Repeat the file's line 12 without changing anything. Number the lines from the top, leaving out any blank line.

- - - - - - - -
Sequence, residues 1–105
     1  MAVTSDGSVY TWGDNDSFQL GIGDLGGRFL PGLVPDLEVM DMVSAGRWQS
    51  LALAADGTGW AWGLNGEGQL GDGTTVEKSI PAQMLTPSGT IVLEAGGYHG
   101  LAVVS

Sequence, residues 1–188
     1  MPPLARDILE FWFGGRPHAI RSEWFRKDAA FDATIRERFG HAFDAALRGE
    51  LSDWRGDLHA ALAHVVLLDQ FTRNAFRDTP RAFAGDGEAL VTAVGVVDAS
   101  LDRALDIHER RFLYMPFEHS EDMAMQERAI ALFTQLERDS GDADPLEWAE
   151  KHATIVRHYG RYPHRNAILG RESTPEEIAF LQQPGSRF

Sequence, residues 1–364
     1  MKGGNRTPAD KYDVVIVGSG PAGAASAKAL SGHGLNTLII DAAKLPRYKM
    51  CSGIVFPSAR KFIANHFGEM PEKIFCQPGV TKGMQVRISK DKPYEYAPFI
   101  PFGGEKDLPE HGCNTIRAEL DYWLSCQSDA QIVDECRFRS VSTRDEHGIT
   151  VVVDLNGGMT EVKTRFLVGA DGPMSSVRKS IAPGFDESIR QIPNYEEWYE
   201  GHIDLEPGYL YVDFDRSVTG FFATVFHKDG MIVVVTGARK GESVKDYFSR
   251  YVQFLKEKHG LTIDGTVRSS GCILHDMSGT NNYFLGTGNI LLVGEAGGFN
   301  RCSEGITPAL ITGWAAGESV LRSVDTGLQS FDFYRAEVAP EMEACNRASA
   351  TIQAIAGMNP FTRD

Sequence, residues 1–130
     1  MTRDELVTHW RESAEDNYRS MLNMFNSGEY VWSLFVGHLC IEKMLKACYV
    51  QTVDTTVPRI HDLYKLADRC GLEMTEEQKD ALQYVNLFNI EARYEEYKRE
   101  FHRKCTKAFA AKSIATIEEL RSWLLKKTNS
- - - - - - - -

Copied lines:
    51  CSGIVFPSAR KFIANHFGEM PEKIFCQPGV TKGMQVRISK DKPYEYAPFI